Eileen AJ Connelly

Paying for a post-high school ‘gap’ year need not deplete the college savings

By Eileen AJ Connelly
Associated Press / January 26, 2011

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An announcement that your child wants to take a year off before heading to college can be scary. There’s the fear she’ll never find the motivation to go to school. The concern she’ll fall behind. The prospect of paying for an expensive program to fill the time.

The growing popularity of taking a “gap year’’ has generated much attention about the cost. Prepackaged programs promising life-altering experiences are replacing the old model of backpacking across Europe. Programs can charge $30,000 or more. But it’s possible to get the benefits of time off without digging into savings, if you have a plan.

Work and study: Sofi Hernandez-Crade applied to expensive art schools during her senior year in high school in Woodland Park, Colo., but she knew she wanted a year off first.

She was drawn to programs offering experiences like painting murals in South America, but the price tags were prohibitive. Such programs, often run by nonprofit organizations, typically do not cover living expenses.

After saving money from working as a waitress, she enrolled in an eight-week program at Penland School of Crafts in North Carolina, where she studied sculpture. The program costs about $7,500, including room and board.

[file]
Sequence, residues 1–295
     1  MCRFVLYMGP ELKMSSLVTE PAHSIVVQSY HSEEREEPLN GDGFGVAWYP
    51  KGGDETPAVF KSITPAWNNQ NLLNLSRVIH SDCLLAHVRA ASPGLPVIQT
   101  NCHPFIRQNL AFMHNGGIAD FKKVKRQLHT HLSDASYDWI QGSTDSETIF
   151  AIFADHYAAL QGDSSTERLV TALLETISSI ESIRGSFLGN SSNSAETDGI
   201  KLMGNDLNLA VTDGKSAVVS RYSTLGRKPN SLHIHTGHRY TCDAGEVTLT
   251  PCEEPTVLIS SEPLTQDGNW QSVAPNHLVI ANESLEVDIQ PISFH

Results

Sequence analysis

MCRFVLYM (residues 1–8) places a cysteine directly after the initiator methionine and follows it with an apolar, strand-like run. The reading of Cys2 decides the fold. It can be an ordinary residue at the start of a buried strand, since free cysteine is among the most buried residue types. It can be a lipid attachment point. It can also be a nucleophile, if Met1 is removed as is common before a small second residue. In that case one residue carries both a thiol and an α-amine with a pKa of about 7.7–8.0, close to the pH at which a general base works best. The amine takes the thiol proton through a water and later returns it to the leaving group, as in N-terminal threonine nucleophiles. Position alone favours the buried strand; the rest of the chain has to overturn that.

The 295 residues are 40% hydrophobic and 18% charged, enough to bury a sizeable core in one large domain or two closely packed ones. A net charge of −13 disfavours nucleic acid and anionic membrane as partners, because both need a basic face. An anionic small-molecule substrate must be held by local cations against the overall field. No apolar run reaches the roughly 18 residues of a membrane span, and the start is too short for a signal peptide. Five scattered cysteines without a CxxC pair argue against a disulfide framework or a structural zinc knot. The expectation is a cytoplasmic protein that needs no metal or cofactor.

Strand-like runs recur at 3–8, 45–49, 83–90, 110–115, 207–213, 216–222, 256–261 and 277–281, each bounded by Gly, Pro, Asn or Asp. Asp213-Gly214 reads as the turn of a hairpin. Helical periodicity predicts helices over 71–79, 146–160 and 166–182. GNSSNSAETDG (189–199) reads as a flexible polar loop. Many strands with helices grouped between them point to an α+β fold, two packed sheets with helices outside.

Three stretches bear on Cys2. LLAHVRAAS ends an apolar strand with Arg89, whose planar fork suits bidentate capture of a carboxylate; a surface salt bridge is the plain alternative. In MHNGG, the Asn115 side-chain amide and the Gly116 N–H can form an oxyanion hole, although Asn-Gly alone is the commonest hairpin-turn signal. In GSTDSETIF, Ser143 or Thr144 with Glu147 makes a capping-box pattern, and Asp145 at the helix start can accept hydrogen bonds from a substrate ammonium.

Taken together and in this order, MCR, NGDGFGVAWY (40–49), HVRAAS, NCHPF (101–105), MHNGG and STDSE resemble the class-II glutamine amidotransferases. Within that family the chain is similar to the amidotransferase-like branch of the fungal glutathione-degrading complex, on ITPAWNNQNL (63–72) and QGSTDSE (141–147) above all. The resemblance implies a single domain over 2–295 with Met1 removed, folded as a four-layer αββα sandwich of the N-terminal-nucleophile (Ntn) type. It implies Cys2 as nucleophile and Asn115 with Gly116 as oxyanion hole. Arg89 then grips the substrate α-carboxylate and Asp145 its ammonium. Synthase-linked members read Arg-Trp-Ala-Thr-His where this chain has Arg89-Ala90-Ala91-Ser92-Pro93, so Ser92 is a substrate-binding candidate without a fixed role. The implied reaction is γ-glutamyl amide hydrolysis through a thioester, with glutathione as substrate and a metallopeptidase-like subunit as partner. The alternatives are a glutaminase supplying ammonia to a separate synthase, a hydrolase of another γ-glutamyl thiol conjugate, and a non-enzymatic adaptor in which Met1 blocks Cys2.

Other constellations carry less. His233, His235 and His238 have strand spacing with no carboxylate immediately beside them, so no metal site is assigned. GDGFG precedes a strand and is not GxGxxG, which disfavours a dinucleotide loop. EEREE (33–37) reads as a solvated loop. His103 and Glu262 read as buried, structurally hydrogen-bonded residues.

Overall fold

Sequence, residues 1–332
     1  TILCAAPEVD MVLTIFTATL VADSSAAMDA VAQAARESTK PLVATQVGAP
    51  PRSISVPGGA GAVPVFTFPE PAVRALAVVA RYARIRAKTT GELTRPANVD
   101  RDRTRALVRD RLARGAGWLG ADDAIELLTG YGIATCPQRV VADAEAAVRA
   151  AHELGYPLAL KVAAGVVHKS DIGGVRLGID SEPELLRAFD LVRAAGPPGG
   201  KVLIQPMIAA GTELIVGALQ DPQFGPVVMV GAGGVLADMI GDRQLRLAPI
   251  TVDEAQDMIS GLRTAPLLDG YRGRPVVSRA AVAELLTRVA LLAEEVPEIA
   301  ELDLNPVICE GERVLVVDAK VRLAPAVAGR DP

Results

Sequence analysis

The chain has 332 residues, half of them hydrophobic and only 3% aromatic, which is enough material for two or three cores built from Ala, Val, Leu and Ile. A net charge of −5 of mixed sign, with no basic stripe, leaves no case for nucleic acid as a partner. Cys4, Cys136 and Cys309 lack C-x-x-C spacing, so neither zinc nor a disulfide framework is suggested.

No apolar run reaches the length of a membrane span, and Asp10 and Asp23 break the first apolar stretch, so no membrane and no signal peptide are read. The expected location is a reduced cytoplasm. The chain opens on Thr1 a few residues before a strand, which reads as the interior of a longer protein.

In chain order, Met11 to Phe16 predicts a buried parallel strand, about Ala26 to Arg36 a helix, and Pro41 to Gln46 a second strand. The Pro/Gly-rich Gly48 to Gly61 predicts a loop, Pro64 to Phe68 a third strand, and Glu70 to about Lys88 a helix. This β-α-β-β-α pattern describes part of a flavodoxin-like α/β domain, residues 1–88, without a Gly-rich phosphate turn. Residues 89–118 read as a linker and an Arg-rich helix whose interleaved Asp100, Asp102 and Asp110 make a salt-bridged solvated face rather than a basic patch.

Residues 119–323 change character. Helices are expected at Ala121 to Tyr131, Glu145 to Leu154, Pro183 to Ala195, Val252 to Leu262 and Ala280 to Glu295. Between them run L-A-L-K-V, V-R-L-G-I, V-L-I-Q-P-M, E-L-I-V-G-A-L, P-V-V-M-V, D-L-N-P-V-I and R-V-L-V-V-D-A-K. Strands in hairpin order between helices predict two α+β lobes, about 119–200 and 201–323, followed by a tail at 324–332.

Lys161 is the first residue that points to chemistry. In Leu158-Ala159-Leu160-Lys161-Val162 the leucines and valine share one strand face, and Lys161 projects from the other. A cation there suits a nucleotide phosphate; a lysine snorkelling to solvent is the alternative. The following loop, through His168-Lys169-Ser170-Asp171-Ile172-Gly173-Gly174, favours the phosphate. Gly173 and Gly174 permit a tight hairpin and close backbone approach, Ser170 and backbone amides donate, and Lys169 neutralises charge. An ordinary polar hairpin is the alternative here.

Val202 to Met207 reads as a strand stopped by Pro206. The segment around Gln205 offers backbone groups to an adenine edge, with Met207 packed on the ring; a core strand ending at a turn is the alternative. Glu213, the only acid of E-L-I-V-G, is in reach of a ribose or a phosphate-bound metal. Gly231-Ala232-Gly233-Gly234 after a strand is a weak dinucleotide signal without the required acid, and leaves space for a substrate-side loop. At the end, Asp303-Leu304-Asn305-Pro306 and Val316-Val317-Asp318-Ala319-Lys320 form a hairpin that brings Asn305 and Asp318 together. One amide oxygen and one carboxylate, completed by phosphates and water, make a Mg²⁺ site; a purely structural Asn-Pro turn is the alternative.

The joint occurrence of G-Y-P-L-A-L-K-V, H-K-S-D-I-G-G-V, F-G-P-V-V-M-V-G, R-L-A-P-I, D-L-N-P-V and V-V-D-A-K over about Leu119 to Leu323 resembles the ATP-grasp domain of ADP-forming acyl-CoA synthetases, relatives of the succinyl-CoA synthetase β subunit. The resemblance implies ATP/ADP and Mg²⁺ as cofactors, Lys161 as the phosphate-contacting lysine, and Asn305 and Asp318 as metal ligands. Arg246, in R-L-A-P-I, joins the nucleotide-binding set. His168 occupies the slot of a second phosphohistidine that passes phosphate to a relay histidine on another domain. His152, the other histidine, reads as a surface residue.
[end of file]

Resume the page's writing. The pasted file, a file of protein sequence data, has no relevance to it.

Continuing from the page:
“Penland was eye-opening,’’ she said. “It was extremely inspiring.’’ She then returned to Colorado and worked as a nanny for seven months.

Hernandez-Crade thinks the time helped her become a more focused student.

A year of service: Daniel Cowen grew up in a relatively wealthy suburb of Boston. He wanted to give back, so he applied to City Year, a private group partnered with the AmeriCorps national service program, which places young people in schools in 20 US cities, where they tutor and mentor children.

Cowen assisted a second-grade teacher and helped out with after-school programs. He learned to admire the difficult work of teachers, he said.

City Year can also help pay for college. It offers a small stipend to cover living expenses, and graduates are eligible for an award of nearly $6,000.

A matter of choice: There’s no blueprint for a gap year — that’s part of the appeal. When consultant Holly Bull works with a client, “I lay out this smorgasbord of options and watch for what makes them lean forward,’’ she said. One lure is the chance to experience different things, so she encourages trying two or three options.

Some universities, such as Princeton, offer free or low cost programs for admitted students. Assistance may also be available through private programs; Global Citizen Year, which places students in Senegal, Ecuador, and Brazil, offers scholarships.

Structured programs have advantages, especially for international experiences, including the ability to provide help in emergencies.

Some colleges may offer academic credit to students who complete organized programs, or may waive foreign-language requirements.

Eileen AJ Connelly writes for the Associated Press.